It's not that I was after elephants, or the touristic kitsch of Earl's Court Egyptology - a breath of fresh air in Aida is a welcome thing. But this shambles of a show by Antony McDonald (who directs and designs, albeit with assistants) is hardly fresh. It's stale old tosh: badly conceived and miserably realised. It's not even up to much as music, although in that department it does have its moments. Most of them come courtesy of Rosalind Plowright, whose descent to the low-flying, mezzo realm of Amneris doesn't give full value to the bottom notes but leaves plenty of scope for handsome sound in the middle and top. Her statuesque and stylish singing was easily the best thing of the evening.
That the rest of the cast was largely Eastern European was another of the geographically unsettling qualities of the production. Lada Biriucov's Aida was impressive, in a bottle-toned, deep-throated way, but so intensely Slavic that no trace of the Italian text (or idiom) came through. The general impression of being on the banks of the Volga rather than the Nile was reinforced by many of the smaller roles. Only Vladimir Kuzmenko's Radames aspired to anything Italianate; and then it came in a big, loud voice that was exciting but not wildly subtle. The conductor was Emmanuel Joel, little known but with a track record at ENO; his erratic tempi made the whole thing last 20 minutes more than promised.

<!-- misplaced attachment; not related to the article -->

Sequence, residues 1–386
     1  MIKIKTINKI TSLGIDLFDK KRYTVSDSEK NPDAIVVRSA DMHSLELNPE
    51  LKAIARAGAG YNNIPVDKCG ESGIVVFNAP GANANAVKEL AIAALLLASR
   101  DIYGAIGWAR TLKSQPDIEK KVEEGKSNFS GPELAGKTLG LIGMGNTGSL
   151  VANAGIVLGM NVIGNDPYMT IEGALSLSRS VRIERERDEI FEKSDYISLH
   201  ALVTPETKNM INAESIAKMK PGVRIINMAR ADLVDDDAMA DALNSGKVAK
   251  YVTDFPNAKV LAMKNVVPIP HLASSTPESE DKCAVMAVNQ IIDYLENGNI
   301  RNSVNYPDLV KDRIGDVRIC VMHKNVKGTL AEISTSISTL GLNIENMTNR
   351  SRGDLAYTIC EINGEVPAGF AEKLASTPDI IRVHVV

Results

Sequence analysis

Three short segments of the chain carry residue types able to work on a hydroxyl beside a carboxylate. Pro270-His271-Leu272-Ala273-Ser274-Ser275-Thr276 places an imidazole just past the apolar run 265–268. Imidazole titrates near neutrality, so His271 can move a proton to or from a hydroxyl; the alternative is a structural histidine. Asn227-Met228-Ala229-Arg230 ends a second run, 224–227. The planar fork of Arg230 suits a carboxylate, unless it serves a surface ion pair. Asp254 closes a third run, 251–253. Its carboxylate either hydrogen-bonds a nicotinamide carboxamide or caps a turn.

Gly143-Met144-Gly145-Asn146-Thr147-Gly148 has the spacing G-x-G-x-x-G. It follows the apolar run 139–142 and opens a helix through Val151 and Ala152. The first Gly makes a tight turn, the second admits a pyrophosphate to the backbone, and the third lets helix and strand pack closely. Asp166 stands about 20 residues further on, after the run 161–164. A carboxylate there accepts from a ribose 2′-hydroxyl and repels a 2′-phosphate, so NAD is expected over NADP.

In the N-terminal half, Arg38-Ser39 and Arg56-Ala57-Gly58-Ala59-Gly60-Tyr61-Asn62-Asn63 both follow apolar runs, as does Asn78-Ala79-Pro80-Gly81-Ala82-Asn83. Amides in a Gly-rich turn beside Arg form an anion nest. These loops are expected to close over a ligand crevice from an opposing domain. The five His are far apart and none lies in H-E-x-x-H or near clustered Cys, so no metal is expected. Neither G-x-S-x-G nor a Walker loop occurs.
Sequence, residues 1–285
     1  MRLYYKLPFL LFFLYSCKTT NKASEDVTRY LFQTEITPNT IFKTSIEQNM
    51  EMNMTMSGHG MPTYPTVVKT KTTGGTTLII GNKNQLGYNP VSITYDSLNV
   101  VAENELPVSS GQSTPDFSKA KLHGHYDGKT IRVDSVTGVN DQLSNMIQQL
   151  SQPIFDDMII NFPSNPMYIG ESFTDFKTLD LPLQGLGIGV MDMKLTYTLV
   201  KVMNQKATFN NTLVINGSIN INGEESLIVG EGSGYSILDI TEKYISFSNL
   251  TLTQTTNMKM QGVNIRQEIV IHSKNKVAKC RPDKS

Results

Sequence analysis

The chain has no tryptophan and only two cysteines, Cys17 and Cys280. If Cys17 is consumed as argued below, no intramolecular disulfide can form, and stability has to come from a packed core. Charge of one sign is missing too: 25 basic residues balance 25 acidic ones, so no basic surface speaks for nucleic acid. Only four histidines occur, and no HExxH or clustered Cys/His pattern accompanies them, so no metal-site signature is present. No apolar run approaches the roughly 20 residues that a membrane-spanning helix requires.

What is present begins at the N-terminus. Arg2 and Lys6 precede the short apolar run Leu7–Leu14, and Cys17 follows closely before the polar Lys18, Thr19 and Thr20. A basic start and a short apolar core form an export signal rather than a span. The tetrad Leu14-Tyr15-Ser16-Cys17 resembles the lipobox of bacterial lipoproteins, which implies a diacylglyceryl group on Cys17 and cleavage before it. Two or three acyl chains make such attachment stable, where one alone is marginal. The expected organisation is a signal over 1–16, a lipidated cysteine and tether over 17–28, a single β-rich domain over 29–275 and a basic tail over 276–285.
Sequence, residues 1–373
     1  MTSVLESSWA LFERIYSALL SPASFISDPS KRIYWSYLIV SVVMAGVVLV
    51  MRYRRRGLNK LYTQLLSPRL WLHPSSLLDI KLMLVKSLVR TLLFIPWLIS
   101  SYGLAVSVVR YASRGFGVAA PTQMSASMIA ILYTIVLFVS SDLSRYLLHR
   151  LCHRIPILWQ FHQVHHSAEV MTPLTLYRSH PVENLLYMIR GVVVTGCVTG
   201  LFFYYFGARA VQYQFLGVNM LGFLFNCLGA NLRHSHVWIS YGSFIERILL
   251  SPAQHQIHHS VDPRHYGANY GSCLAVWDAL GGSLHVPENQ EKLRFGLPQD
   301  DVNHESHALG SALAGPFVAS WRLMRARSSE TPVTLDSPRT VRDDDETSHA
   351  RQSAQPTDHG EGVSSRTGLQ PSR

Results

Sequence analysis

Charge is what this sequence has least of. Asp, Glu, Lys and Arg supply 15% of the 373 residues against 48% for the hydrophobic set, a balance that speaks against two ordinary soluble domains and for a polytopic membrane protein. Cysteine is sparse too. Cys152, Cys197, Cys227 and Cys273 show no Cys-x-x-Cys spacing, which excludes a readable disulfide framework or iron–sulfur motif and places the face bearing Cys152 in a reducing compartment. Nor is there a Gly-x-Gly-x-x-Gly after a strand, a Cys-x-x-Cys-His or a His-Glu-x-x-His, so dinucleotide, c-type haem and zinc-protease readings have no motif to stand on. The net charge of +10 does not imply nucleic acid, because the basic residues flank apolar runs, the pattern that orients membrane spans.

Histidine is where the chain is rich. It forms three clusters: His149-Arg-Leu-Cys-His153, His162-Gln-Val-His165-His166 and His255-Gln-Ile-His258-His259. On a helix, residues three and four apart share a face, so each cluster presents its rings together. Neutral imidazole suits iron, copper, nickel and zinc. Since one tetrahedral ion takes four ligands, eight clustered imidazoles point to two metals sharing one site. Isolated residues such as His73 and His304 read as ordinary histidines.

A few weeks ago I wrote about the new(-ish) breed of directors who have rethought and revitalised the staging of Handel's operas. Unfortunately their influence is not universal, and last weekend I saw a Cambridge Handel Opera Society staging of Admeto that was of the Old School: decorously museological, with big frocks, effervescent wigs, and not much inspiration. The CHOS is a part-professional, part-student undertaking - run by the distinguished Handel scholar Andrew Jones, whose edition of Rodelinda is in repertory at Glyndebourne - and it has an honourable list of credits for its good work in the past. But its approach is desperately earnest. Not a note is cut - which meant that the Admeto lasted four long hours. They were four hours of slow, static, stand-and-sing delivery with Baroque Gesture, which for the most part meant standing with one leg in front of the other, and an arm in the air.